(Hyper)links are the fundamental building blocks of the web, but the practice of linking has come under attack over the last few years. If copyright holders are able to censor or control links to legitimate content, it could disrupt the free flow of information online and hurt access to crucial news and resources on the web.
In the U.S. and Canada we may take for granted that no one requires permission or is forced to pay a fee to link to another place online. But this isn’t the case everywhere. Copyrighted content holders (including news organizations, media, and entertainment sites) around the world are working to remove the right to free and open linking, and the threat is more present than you may think.
Today a coalition of over 50 organizations (including Creative Commons) from 21 countries are launching Savethelink.org. The campaign aims to raise awareness about the issue and prompt action to urge decision makers to protect the practice of free and open linking online.
Ryan Merkley, CEO of Creative Commons, said, “At its core, the Internet is a network of links — connectivity is at the heart of the Web we love. Breaking that structure by giving some the ability to decide what links should work and what links should not undermines free expression, access to information, and the public commons.”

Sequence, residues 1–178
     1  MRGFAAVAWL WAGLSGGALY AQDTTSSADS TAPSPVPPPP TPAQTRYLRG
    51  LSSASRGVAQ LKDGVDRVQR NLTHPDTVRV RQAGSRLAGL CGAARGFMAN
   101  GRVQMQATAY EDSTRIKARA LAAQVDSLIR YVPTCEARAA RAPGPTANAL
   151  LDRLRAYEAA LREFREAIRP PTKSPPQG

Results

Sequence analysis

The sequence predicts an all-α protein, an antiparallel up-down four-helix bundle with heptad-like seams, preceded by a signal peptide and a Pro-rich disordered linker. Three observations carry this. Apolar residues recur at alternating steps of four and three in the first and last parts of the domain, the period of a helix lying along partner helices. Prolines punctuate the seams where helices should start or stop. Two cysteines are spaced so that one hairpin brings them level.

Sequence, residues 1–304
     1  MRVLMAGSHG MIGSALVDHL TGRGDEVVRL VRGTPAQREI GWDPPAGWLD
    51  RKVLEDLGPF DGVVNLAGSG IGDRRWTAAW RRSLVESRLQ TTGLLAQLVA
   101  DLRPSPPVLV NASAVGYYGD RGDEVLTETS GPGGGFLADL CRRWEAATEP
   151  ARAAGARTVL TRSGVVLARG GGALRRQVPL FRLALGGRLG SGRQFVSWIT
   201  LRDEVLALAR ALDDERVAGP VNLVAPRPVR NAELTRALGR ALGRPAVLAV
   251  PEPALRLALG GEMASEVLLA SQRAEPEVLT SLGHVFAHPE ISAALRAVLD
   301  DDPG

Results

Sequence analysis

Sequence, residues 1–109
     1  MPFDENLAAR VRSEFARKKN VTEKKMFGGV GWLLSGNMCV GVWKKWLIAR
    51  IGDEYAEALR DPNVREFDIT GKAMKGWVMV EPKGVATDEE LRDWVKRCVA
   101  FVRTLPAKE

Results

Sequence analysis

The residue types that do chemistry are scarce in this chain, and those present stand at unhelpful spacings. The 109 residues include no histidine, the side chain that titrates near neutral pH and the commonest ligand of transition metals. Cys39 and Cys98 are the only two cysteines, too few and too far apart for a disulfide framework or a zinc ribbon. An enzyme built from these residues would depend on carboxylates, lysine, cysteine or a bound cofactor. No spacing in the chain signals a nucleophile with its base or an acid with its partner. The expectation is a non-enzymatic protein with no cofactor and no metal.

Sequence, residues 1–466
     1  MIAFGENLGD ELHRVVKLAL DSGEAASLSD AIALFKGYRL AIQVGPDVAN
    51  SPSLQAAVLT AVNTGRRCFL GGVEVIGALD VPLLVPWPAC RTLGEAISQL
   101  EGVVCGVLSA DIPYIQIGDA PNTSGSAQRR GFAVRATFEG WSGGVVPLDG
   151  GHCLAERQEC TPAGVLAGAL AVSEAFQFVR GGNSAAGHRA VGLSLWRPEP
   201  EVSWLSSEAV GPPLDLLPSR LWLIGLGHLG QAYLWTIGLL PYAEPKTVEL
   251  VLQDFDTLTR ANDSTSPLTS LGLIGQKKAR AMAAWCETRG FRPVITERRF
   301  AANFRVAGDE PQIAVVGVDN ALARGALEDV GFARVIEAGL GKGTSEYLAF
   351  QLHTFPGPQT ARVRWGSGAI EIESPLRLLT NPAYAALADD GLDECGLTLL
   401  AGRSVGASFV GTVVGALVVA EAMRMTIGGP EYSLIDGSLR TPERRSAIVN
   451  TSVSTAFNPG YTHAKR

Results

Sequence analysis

An example of how restricting access to links is already in place in Spain, where the Spanish government passed a law that “requires services which post links and excerpts of news articles to pay a fee to the organisation representing Spanish newspapers.” This type of pseudo-copyright law was intended to protect the revenue flows of Spanish media publishers. However, you have to question whether such a practice might have backfired for publishers who wanted to use the new rule as a means to monetize access to their content. It’s quite tell that Google News–which funnels significant traffic to media websites–shut down in Spain shortly after the law was passed, citing concerns that allowing rights holders to charge for access to links would have been an unworkable practice for them.
Last year’s public consultation on the review of European copyright rules also contained a question on the right to link:
Should the provision of a hyperlink leading to a work or other subject matter protected under copyright, either in general or under specific circumstances, be subject to the authorisation of the rightholder?
Many groups, including Creative Commons, responded that allowing rights holders to control access to links would be a terrible idea.
Under no circumstance should hyperlinks be subject to protection under copyright. Sharing links without needing permission from the rightsholder is core to the operation of the internet. Changing this fundamental structural aspect of how the internet works would be detrimental to the free flow of information and commerce online.
If links can be censored by rights holders, it would be detrimental to access to information, free expression, and economic activity. It could fracture the longstanding mechanism underlying the sharing of information on the web. Let’s not let that happen.